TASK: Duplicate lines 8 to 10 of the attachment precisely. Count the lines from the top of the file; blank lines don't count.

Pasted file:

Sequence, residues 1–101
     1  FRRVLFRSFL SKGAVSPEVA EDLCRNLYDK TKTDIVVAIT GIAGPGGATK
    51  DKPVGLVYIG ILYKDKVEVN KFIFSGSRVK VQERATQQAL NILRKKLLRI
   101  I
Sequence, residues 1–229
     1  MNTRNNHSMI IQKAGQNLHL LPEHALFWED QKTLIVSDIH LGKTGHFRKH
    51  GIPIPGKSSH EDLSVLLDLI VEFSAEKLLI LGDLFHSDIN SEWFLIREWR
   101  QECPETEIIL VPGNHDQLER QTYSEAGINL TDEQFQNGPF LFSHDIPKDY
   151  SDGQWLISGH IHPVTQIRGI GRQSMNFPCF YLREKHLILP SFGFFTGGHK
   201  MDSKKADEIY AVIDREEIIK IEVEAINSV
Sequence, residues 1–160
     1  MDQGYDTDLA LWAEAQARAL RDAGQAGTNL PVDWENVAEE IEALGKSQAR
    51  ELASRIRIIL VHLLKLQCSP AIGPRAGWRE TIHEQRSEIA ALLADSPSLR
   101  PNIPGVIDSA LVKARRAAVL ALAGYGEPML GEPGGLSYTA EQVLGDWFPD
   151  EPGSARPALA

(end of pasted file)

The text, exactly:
   101  QECPETEIIL VPGNHDQLER QTYSEAGINL TDEQFQNGPF LFSHDIPKDY
   151  SDGQWLISGH IHPVTQIRGI GRQSMNFPCF YLREKHLILP SFGFFTGGHK
   201  MDSKKADEIY AVIDREEIIK IEVEAINSV